So I guess I have to use a Token-URL-Parameter
This is a sensible (if imperfect) option. You need to have a secret shared between the two domains which is not shared with the browser.
This can be done via a database, with two methods of viable paranoia.
Method one: Randomness
domain1.com sets a secret key (see below) and this value is stored in the database along with authentication criteria such as IP address, datetime, a hash of the browser identification (
$_SERVER['HTTP_USER_AGENT'] ), and whatever else you want to use to be more selective with validating the secretkey is not just a lucky fluke.
The database should ideally be on the same server as the domain(s) and be accessed locally only. But this is a sliding scale as to how secure you really want to be and how much time/money/resources you want to invest in this topic.
This secret key is passed to
domain2.com via your (
urlencoded) GET parameter as you illustrate.
base64_ is not required, but if you want to use it there's no harm. It's better (required) to use
urlencode($variable) when setting the secretkey in the link URL.
NOTE: you do not need to use
urldecode() on the received
- How to generate an individual secretkey?
The secret key should not contain any of the above identifiable information, and be purely random. It should be long. Another answer here quotes 8 characters. This will be broken almost instantly. You want to generate a key string as long as possible. you may only be limited by the indexing system on the
VARCHAR column of the database where the same secretkey is stored. so you want a key of 184 characters, when fully decoded.
openssl_random_pseudo_bytes(), depending on your version of PHP.
run this on a loop to make a key length and using the examples from the manual pages above to set this to a alphanumeric string using
bin2hex or similar.
Do not use SHA1 or MD5 to generate hashes.
("Why not, sherlock?")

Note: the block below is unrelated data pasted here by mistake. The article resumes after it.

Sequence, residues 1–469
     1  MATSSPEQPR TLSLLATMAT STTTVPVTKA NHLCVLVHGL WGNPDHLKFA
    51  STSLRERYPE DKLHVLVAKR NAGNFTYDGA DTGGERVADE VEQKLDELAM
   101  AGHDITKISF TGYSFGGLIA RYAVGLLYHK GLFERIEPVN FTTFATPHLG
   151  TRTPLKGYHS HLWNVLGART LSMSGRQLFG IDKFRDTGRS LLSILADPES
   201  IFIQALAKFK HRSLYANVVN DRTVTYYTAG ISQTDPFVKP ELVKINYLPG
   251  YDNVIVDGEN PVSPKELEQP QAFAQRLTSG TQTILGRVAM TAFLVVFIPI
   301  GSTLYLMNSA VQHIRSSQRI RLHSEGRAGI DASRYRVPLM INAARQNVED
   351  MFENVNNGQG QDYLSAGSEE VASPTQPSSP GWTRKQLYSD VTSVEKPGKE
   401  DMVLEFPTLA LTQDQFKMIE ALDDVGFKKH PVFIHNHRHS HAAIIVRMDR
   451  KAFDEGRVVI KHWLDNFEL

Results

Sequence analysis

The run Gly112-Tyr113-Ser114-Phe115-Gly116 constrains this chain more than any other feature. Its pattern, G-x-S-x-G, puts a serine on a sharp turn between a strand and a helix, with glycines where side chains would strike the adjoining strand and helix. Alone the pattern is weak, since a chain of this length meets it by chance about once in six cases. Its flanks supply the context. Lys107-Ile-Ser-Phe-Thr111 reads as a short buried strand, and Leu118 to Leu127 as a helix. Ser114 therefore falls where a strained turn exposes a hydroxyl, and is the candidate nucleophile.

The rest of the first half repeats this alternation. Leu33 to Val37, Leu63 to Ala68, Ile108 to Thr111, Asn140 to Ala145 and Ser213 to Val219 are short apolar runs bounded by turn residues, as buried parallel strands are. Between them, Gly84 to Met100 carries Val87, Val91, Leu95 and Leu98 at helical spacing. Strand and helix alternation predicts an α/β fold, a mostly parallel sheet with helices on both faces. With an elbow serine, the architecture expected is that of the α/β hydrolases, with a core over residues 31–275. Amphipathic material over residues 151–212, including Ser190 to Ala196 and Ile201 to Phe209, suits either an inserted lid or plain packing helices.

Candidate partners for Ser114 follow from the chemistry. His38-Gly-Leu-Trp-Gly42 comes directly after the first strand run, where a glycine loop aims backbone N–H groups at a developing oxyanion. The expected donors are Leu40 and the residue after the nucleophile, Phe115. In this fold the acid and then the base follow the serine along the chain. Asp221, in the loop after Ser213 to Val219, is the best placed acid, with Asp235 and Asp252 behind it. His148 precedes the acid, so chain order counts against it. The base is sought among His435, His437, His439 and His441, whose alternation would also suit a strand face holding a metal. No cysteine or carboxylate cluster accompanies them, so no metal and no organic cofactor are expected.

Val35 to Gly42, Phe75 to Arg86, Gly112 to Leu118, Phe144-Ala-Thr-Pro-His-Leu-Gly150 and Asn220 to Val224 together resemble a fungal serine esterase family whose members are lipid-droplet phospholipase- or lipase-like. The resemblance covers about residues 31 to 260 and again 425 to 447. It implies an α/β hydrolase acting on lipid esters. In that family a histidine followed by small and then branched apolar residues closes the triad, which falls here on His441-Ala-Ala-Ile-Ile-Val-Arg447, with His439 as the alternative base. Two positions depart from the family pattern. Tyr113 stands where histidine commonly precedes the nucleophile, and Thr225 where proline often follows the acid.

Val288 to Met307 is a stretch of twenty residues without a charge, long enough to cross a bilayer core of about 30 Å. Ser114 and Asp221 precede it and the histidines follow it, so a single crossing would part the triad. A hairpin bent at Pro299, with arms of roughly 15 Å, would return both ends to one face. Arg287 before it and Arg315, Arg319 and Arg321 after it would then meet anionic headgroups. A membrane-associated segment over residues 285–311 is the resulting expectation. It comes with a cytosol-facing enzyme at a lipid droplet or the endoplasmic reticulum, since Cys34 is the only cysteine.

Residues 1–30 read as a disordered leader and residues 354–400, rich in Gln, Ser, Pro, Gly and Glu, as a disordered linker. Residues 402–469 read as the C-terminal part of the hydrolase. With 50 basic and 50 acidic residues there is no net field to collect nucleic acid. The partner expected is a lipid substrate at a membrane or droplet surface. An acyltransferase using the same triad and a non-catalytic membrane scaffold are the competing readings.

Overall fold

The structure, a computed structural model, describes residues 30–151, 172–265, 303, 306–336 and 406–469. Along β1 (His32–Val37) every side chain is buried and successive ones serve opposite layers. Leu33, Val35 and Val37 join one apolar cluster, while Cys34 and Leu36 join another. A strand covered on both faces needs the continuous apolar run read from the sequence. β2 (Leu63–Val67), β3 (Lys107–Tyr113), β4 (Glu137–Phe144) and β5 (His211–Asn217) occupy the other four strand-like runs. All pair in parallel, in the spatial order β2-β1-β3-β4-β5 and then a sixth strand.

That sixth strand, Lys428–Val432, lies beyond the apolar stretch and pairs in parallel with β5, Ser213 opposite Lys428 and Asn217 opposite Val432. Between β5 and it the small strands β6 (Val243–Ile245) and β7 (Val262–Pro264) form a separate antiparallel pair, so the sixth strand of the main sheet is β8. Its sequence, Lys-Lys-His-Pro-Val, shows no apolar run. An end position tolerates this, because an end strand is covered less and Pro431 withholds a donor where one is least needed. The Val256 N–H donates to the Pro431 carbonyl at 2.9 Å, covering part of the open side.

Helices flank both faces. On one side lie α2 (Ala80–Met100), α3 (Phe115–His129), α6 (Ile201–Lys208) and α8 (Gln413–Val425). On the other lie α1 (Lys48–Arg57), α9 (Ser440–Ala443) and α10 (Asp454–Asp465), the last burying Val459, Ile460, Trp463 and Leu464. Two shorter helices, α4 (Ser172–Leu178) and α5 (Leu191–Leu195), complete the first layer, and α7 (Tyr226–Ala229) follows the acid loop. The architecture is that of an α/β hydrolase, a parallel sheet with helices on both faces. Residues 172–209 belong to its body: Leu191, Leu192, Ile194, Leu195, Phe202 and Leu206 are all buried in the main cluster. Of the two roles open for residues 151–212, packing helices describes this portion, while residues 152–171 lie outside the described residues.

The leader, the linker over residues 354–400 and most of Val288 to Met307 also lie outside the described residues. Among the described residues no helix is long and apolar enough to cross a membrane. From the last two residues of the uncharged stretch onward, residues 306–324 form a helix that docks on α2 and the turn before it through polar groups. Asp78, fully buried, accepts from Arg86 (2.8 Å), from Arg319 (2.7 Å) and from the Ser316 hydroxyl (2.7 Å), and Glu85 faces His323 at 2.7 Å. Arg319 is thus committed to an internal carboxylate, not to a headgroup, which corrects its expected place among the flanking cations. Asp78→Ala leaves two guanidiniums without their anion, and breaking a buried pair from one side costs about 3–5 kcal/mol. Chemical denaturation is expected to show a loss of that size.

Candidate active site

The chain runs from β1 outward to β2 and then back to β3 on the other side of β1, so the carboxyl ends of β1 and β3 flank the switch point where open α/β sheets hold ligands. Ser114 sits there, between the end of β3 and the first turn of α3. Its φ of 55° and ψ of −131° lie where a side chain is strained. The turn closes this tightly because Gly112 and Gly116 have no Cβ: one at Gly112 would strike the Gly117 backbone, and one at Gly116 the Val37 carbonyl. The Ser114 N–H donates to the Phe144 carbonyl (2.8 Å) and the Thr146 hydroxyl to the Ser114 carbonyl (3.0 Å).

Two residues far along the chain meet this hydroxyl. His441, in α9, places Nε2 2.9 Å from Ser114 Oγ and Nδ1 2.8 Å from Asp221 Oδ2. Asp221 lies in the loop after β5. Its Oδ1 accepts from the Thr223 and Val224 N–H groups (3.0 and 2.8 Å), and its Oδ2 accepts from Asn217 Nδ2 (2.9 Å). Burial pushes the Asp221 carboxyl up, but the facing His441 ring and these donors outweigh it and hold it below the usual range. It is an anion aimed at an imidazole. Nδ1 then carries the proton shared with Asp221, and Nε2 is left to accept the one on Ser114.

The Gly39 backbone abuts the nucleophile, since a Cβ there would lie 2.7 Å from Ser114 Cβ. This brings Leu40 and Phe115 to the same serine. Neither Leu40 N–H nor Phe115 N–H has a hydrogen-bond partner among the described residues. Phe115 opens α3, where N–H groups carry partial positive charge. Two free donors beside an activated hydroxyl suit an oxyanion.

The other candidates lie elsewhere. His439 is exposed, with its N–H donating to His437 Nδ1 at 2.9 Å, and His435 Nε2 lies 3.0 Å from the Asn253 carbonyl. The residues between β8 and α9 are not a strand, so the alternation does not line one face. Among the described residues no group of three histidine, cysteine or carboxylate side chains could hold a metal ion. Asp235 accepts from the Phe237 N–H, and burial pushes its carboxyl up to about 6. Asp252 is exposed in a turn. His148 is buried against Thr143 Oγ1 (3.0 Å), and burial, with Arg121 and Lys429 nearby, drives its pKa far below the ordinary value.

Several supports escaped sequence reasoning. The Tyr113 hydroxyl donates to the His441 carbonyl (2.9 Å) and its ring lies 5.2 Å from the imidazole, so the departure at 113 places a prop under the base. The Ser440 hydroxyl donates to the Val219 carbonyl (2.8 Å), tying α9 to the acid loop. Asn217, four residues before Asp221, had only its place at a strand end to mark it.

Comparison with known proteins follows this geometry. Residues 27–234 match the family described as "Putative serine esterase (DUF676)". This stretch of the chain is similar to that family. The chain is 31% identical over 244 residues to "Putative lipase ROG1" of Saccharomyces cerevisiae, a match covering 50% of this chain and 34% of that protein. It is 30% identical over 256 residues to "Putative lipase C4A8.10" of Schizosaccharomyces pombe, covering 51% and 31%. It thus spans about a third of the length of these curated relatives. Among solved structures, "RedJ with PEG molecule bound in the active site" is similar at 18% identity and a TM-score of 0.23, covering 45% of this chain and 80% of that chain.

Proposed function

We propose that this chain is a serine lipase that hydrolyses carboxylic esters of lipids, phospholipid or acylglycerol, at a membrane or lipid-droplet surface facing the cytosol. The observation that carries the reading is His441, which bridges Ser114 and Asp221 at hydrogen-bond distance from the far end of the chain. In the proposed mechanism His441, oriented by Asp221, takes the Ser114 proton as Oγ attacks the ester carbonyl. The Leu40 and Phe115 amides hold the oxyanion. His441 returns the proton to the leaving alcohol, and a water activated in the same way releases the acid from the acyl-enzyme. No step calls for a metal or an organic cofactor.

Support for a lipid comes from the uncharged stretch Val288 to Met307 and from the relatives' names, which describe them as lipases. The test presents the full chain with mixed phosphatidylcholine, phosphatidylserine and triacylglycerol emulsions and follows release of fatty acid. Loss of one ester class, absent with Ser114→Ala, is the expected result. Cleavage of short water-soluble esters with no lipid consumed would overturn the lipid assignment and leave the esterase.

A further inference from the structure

Once you have the secretkey you then need to check if it's in the database. The easiest way is to build the database so that the secretkey column is a
UNIQUE INDEX (MySQL) and so if there is repetition this will not insert. You must build logic so that if the key does not insert then you should restart and build a new key.
When saving the key to the database you should also save other meta- data as refrenced above, IP addresses, browser hashes, datetime, etc.
Once this process is complete you can then move on to checking the URL ey given is valid.
- Validating the Random string:
You have the key in your
$_GET PHP value. Pass this key to your database (of course, using Prepared Statements) and check it exists.
- Validating and qualifying the meta-data:
Once you find it exists, you can the check the meta details and confirm they're correct. For example that the time that the request is called is not more than x number of minutes after the datetime value in the database for row creation.
Which inconsistencies you check for and which you react to is down to you, but by example it's worth checking the browser hash is the same so that you can be fairly sure that one browser used to access the
domain1.com is the same browser as accessing
- How to deal with inconsistencies?
So, a browser requests a string that doesnt exist? Bang a 5 second
sleep() statement on that condition before kicking out to the homepage. A browser asks for a historic string (old datetime value), bang a
sleep(5) on that before kicking out to the homepage. etc. etc.
If you wish, you can record the IP addresses of failed attempts and use this to count (in another database table) any IP blocks that are repeatedly trying to crack your hashes then, you can use more code to add a time penalty such as if